Bitcoin Has Plummeted 40% in Two Months, But It Still May Be Too Early to Dive in for a Reflex Rally
Bitcoin continues to fall sharply and is testing the US$40,000 level that proved to be a floor in late September 2021. The digital currency is down around 10% just in the first few days of 2022 and has lost fully 40% of its value from the US$68,990 all-time high achieved only two months ago in early November 2021.
Since that time, Bitcoin has closely tracked the crumbling share prices of many high-valuation, high-risk tech companies.
Unfortunately, the news surrounding Bitcoin could get worse before it gets better. According to The Block, a well-regarded crypto news site, the U.S. Congress is preparing to hold a hearing on the (adverse) environmental effects of Bitcoin mining. More specifically, the Oversight and Investigations subcommittee of the House’s Energy and Commerce Committee is apparently assembling a witness list. The timing of this hearing has not yet been set, but it could occur before the end of January.
In all likelihood, very little of what will be discussed in front of television cameras will be favorable for Bitcoin. Anecdotal evidence like the headline in a late October 2021 Fortune magazine article, “Every single Bitcoin transaction, even buying a latte, consumes over US$100 in electricity,” will be thoroughly discussed. The New York Times previously reported that Bitcoin mining accounts for around 0.5% of all energy consumed in the world, a tenfold jump from five years ago, and more than the annual electricity consumption of Finland, a country of 5.5 million people.
The source of this heightened concern seems to be an October 7, 2021, letter to the leaders of the U.S. House of Representatives and the Senate expressing such fears. The letter was signed by more than 70 environmental groups, including the Sierra Club, Clean Energy Action and many others.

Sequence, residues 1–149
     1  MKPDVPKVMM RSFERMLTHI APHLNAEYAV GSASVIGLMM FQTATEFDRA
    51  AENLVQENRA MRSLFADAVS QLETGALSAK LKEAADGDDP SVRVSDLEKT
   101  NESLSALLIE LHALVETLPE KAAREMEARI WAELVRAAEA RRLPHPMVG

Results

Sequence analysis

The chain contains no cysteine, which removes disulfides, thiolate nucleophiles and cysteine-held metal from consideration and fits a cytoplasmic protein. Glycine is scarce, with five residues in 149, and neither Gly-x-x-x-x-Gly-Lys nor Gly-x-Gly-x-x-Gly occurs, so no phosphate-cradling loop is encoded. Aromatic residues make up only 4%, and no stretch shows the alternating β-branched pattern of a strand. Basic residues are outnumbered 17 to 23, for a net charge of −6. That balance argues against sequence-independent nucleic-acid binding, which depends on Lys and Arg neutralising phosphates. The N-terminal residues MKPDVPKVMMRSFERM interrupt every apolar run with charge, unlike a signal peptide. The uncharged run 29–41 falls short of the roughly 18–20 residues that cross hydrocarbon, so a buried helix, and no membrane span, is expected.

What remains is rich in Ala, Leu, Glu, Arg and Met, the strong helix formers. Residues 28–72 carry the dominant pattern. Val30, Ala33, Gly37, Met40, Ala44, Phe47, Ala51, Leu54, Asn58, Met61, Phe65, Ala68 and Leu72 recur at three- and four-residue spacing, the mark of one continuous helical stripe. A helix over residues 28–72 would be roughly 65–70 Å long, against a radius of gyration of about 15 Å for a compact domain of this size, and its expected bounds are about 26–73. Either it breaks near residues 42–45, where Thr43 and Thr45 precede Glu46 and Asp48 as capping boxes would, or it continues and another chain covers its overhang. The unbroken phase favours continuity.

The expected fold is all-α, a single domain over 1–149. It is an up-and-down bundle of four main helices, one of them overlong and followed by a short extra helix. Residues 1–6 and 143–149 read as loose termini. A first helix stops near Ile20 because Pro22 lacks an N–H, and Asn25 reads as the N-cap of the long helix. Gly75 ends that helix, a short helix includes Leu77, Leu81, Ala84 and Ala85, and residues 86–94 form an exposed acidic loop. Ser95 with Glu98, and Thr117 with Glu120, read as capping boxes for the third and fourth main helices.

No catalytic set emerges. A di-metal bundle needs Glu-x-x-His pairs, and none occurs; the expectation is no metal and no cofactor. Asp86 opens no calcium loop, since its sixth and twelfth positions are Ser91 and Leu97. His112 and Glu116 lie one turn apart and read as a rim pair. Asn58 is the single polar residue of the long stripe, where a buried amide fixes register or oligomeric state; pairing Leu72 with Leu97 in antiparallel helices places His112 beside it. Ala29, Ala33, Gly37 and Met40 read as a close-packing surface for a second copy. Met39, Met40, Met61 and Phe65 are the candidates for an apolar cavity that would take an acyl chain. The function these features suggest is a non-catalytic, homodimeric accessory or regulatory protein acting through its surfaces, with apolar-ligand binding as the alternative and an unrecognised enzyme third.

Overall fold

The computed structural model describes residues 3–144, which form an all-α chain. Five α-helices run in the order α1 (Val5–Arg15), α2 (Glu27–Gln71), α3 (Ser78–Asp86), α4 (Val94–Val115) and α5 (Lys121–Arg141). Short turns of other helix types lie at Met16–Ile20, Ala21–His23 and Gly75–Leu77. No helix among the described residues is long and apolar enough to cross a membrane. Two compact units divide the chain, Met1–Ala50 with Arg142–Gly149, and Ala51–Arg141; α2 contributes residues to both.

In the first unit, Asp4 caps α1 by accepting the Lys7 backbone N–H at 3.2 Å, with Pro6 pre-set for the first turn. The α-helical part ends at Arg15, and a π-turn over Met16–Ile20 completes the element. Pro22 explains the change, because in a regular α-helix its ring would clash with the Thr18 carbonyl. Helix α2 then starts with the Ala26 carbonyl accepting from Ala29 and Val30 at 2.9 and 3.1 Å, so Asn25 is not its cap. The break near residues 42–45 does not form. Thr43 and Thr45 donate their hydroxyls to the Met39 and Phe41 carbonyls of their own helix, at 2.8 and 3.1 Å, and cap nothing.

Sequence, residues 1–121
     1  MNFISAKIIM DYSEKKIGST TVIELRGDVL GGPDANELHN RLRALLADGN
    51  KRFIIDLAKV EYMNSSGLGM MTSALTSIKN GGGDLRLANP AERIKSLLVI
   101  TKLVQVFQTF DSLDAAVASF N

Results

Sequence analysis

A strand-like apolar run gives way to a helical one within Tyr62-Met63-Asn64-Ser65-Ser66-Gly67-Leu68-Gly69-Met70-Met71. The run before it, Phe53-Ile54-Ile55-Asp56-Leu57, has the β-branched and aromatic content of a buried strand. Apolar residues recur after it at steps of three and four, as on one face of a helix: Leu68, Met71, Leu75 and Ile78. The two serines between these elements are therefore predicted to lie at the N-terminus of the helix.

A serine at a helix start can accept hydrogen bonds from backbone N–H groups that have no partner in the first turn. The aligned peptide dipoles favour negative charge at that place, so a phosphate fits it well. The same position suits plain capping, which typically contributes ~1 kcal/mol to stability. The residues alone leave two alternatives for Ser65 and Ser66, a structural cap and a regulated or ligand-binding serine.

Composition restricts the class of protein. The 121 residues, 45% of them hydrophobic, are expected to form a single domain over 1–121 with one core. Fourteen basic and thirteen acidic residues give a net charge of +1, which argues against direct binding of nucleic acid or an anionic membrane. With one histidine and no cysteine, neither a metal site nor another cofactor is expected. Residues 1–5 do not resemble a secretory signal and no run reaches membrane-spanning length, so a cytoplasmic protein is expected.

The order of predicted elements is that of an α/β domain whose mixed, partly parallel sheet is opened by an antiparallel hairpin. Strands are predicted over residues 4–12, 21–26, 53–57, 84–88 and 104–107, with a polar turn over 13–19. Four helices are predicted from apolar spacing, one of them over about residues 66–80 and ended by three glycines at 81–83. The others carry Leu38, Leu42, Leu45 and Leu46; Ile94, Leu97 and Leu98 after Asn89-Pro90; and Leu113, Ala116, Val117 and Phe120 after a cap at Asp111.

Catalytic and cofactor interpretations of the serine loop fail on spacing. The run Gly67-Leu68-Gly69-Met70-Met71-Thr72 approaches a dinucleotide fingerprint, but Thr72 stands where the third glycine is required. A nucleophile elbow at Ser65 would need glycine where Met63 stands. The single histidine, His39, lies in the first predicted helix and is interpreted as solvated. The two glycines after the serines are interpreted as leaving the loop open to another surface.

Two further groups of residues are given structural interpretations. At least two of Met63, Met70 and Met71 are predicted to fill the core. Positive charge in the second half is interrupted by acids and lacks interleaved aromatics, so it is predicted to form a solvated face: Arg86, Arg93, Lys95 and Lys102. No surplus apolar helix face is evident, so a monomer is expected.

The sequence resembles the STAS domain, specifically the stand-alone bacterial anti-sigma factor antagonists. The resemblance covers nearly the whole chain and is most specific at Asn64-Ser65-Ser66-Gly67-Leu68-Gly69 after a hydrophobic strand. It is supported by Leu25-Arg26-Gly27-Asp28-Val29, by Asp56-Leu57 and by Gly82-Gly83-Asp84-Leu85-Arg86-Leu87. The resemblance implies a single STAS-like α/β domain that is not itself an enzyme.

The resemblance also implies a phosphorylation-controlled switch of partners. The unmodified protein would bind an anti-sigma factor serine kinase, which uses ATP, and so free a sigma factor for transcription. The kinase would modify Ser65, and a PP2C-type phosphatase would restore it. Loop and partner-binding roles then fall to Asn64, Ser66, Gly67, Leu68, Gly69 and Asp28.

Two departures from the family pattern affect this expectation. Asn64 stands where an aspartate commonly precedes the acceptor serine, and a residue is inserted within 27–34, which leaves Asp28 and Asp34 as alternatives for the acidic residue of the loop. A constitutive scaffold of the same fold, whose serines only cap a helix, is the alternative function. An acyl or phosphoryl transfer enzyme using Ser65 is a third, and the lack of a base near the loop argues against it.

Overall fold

In turn, Senator Elizabeth Warren (Democrat from Massachusetts) in early December 2021 wrote a toughly-worded letter to the CEO of the Bitcoin mining firm Greenidge Generation Holdings Inc. (NASDAQ: GREE) questioning the environmental impact of its operations. For example, Senator Warren declared that in 2020 the company’s “plant emitted the equivalent of over 220,000 metric tons of carbon dioxide, comparable to the emissions of 50,000 cars.”
After China’s 2021 crackdown on Bitcoin, the U.S. is now home to the world’s largest accumulation of Bitcoin miners. About 35.4% of the Bitcoin network hash rate, or computing power, is U.S.-based, per the Cambridge Bitcoin Electricity Consumption Index. Kazakhstan (18.1%) and Russia (11.0%) were second and third, respectively, in the most recently published statistics.
(On January 5, 2022, Kazakhstan’s government shut down the internet — and therefore Bitcoin mining — throughout the country over intensifying protests and violence. The protests stemmed from a sharp rise in fuel prices, primarily natural gas, which is commonly used as an energy source for power and heat generation.)
Separately, the amount of leverage that investors are using to buy Bitcoin hit an all-time peak on January 6, 2022. Given this higher debt load, it is certainly possible that if Bitcoin were to continue to fall, forced liquidations could cause any decline to become even more severe.
Given Bitcoin’s historical pattern of extraordinary volatility, the digital currency’s dramatic fall over the last two months would seem to indicate a risk-tolerant investor could consider stepping in to buy soon. However, the near-term timing of a likely negative Congressional hearing, along with peak Bitcoin investor leverage, may suggest that continued caution is the proper course — at least for the next few weeks.
Bitcoin last traded at US$41,958.
Information for this briefing was found via Edgar and the companies mentioned. The author has no securities or affiliations related to this organization. Not a recommendation to buy or sell. Always do additional research and consult a professional before purchasing a security. The author holds no licenses.